Phillipston begins look at next fiscal year

  • FLYNN Contributed photo

  • Phillipston Town Hall in Phillipston. Paul Franz

For The Athol Daily News
Published: 1/19/2021 3:29:04 PM
Modified: 1/19/2021 3:29:02 PM

PHILLIPSTON — Chief Administrative Officer Kevin Flynn last week updated members of the Selectboard and Finance Committee on the revenue Phillipston will likely have to work with as officials cobble together a municipal budget for FY22.

Flynn began by explaining the exact wording needed for a Prop. 2½ underride question that will go before Phillipston voters. The question asks residents to “reduce the amount of personal and property taxes to be assessed for the new fiscal year … by an amount equal to $97,763.”

Flynn explained that the amount is slightly more than the amount approved when voters OKed a Prop. 2½ override in order to fund the Narragansett Regional School District budget recommended by the district School Committee for FY20, which began July 1, 2019. At that time, voters said “yes” to an override of just over $93,000. However, because Templeton voters shot down their share of the same override, which would have cost the town approximately $988,000.

“The $97,763 is more than the original amount voted,” Flynn explained, “and the assessors gave us that number after they went over it, and after Sue went over it. Because the original number was $93,053 and it’s been there two years, that’s two years of 2½ percent growth on that number. So, that’s why it seems to be a bit higher. In other words, it’s adjusted for the annual 2½ percent increase.”

The underride is handled in the same fashion as an override, needing voter approval both at town meeting and a subsequent ballot question.

In response to a question, Flynn added that the amount provided in the underride is not money that will be put back into the budget — “This is to reduce the amount of money that the town can raise through property taxes.”

The Selectboard voted to approve the wording of the ballot question recommended by Flynn.

Flynn later presented the two municipal boards with revenue projections for the approaching fiscal year.

Flynn explained that monies collected through property taxes for FY22 will be about $29,000 higher than for the current fiscal year, adjusted for the reduction provided for by the underride. In all, Flynn projects a total of $3,776,000 will come from property taxes. The figure includes an overall 2½ percent increase, plus a projected increase of one percent in certified new growth.

“Generally, any growth is the Prop. 2½ annual increase,” said Flynn. “Most of our revenue comes from our real estate taxes and personal property taxes. We don’t have a big industrial base, we don’t have much of a commercial base. So, it’s just the 2½ percent we get our money from.”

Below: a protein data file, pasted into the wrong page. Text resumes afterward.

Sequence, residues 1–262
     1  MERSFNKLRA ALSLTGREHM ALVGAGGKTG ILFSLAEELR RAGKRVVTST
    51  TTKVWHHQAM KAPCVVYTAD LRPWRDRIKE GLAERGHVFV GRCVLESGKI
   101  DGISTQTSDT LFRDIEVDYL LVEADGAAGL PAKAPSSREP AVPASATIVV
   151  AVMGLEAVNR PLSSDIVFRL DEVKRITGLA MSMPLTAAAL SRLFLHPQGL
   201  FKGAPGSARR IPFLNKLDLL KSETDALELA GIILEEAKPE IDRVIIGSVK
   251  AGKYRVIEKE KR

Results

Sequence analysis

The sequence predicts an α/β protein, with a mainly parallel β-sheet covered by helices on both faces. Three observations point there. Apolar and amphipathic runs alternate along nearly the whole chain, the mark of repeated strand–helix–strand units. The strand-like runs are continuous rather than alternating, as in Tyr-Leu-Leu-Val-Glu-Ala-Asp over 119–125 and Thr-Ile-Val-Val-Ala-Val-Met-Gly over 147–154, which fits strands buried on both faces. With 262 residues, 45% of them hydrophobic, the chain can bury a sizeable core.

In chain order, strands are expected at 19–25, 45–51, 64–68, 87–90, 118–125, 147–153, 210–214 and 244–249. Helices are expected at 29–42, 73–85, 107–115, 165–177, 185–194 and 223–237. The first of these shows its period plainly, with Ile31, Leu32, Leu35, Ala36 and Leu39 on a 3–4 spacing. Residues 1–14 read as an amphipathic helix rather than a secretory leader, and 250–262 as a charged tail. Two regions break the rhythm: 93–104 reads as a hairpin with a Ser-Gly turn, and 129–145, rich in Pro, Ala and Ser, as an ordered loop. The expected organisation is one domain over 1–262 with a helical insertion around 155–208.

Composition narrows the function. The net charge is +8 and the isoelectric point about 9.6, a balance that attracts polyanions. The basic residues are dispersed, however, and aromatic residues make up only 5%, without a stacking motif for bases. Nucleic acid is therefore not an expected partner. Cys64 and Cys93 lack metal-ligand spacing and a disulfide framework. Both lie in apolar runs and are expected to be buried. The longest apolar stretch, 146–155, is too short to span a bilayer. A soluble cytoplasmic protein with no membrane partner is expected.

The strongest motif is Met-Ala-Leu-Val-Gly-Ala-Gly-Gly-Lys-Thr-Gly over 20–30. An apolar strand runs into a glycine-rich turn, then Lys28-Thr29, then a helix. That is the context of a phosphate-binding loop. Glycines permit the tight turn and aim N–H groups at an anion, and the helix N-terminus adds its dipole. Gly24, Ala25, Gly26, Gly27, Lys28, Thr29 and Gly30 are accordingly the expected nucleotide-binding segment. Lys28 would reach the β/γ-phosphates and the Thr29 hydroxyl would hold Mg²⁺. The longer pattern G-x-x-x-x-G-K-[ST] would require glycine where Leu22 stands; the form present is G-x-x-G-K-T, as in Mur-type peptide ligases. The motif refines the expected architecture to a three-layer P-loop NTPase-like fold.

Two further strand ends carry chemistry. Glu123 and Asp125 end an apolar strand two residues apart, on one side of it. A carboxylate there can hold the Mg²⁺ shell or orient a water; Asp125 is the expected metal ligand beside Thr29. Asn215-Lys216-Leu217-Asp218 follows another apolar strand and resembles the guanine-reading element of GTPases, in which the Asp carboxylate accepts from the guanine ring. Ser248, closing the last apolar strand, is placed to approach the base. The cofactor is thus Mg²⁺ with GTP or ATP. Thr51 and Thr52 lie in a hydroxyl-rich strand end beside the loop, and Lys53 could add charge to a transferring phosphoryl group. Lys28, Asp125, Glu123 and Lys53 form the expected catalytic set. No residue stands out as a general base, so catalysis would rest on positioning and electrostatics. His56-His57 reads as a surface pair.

Due to the impact of the coronavirus pandemic on the state budget, Flynn has reduced likely state aid for FY22 by 15 percent, to $240,000, about $26,000 less than the current year.

He also estimates that local receipts from a variety of sources — including motor vehicle excise taxes, licenses and permits, fees, and investment income — will remain relatively flat, with a decrease of about $2,000.

“When we get to the end of the year,” he said, “we’ll take a look at those local receipt numbers to see how close we are — if there need to be any adjustments. But, for the moment, that’s where we are at this point.”

Flynn said he’s asking department heads for a level services budget for FY22.

“I will also be telling them, ‘Please don’t put anything in for salaries.’ But I plan to ask for a substantial adjustment in wages, because last year we did a no-increase in wages for employees.

“We appreciate that, but this year I plan to ask for a substantial increase in wages to make up for last year, and also an increase for this year. I think we can afford that, and I think we owe it to our employees.”

Flynn said he would be asking department heads to complete a narrative to accompany their budget requests for FY22, tentatively consisting of four questions. He said he wants to know about major successes or problems in each department during the current year, the status of any projects funded through special town meeting articles, whether special articles will be submitted to town meeting in order to fund any new or additional projects, and anything — including funds — that might help streamline or improve department efficiency.

Flynn said he hopes to schedule a Selectboard workshop to begin laying out plans for FY22. The Finance Committee will also soon begin deliberating budget requests and recommendations for the upcoming fiscal year.


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